Two familiar voices spoke in favor of accepting Council’s recommendation make Sky Plane optional: Craig Schelter of Development Workshop and Councilman Bill Green. They said that a mandatory Sky Plane provision would put an undue hardship on builders, and would prevent some of Philadelphia’s biggest buildings—and biggest investments—from being allowed by right.
Interestingly, the biggest point of contention between those opposed to the Sky Plane controls and those in favor was not the provision itself, but the opinion of two Philadelphia developers: John Gattuso of Liberty Property Trust and Gerry Sweeney of Brandywine Realty. Bill Green and Craig Schelter both represented Gattuso and Sweeney as being opposed to the mandatory Sky Plane provision. They said it was imprudent to put in place a provision that is opposed by two of the biggest investors in Philadelphia’s built environment.
Alan Greenberger said that Green and Schelter were mischaracterizing Gattuso’s and Sweeney’s testimony. That testimony took place in Council Chambers on September 14, in response to a question from Councilman Green. What the two developers actually said is below.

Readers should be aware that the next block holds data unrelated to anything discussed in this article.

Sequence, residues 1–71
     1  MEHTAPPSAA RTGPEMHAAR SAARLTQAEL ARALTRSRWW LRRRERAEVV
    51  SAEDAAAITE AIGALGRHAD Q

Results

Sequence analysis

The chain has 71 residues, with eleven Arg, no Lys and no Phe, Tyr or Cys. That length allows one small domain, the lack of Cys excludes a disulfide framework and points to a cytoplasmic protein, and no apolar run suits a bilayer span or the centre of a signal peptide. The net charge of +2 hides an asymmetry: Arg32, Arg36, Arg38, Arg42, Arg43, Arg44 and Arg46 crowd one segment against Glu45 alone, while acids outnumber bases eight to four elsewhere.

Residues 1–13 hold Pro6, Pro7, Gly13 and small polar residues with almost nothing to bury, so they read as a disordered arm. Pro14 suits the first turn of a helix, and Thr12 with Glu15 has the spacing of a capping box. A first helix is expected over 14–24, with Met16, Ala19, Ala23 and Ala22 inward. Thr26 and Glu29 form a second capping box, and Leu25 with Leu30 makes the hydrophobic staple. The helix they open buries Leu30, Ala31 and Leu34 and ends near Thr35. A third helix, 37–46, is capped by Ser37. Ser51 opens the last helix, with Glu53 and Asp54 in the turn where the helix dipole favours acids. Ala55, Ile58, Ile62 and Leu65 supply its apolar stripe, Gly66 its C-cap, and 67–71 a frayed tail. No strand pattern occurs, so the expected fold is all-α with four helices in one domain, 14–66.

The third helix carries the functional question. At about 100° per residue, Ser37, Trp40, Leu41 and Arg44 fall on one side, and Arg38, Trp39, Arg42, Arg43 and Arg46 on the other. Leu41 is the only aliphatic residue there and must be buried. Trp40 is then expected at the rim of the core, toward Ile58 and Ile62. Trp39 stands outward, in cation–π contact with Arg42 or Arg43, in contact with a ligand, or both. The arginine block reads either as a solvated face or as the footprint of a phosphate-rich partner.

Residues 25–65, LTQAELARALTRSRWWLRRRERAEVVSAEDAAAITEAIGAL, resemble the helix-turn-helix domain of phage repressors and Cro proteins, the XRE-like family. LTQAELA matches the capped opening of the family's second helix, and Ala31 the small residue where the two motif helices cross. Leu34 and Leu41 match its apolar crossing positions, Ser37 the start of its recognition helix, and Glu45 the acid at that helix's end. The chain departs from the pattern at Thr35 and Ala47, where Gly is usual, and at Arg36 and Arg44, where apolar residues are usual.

Gattuso: “As long as the guidelines are out there and understood, we can react to them and drive quality projects that are in response to that plan … The Sky Plane, I don’t see as a problem. Some people look at it as complicated, but I think there is a rationale we understand, and we could work with it.”
Sweeney: “From our standpoint, as long as the rules are well-understood, clear, articulated, and uniformly applied, I think you can design around a lot of the Sky Plane issues. From a pure visceral standpoint, it’s probably a restriction we do not support, but I think in the context of what we’ve viewed in this code, it seems to be fine.”